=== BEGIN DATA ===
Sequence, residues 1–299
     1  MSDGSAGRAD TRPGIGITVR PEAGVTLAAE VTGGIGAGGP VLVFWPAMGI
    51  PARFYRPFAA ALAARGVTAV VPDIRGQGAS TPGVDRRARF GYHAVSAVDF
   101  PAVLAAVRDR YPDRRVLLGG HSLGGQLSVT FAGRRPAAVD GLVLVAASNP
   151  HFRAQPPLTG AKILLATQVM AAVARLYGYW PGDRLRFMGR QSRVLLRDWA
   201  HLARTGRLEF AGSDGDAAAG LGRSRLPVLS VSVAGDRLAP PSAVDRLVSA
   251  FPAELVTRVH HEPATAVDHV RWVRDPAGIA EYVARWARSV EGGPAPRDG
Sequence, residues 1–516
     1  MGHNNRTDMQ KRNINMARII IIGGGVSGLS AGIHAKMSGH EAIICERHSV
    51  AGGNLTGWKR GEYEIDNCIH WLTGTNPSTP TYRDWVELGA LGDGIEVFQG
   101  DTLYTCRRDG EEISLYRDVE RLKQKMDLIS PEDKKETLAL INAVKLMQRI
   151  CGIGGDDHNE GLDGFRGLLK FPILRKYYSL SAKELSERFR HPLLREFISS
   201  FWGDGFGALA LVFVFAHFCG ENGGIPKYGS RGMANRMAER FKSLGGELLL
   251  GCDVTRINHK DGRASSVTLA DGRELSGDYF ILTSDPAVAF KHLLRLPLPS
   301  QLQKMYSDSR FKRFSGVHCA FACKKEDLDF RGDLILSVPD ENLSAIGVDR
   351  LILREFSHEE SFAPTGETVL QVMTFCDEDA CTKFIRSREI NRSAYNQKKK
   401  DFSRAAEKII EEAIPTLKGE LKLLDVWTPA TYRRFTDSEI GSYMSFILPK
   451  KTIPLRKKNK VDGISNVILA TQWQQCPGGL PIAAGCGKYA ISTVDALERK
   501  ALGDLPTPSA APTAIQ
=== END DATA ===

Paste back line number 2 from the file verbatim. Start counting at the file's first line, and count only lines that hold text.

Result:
     1  MSDGSAGRAD TRPGIGITVR PEAGVTLAAE VTGGIGAGGP VLVFWPAMGI